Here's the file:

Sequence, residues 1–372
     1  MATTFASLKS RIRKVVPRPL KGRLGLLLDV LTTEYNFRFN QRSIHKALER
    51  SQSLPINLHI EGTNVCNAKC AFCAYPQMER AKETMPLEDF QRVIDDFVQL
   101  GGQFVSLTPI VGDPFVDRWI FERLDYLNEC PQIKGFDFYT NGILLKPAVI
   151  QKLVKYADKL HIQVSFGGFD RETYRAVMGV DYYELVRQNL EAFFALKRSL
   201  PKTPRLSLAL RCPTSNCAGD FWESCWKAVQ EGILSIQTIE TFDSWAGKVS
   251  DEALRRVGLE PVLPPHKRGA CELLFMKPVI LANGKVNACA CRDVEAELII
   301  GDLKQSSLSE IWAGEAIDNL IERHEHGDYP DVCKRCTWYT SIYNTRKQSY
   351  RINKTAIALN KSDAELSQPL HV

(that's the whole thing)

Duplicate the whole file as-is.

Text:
Sequence, residues 1–372
     1  MATTFASLKS RIRKVVPRPL KGRLGLLLDV LTTEYNFRFN QRSIHKALER
    51  SQSLPINLHI EGTNVCNAKC AFCAYPQMER AKETMPLEDF QRVIDDFVQL
   101  GGQFVSLTPI VGDPFVDRWI FERLDYLNEC PQIKGFDFYT NGILLKPAVI
   151  QKLVKYADKL HIQVSFGGFD RETYRAVMGV DYYELVRQNL EAFFALKRSL
   201  PKTPRLSLAL RCPTSNCAGD FWESCWKAVQ EGILSIQTIE TFDSWAGKVS
   251  DEALRRVGLE PVLPPHKRGA CELLFMKPVI LANGKVNACA CRDVEAELII
   301  GDLKQSSLSE IWAGEAIDNL IERHEHGDYP DVCKRCTWYT SIYNTRKQSY
   351  RINKTAIALN KSDAELSQPL HV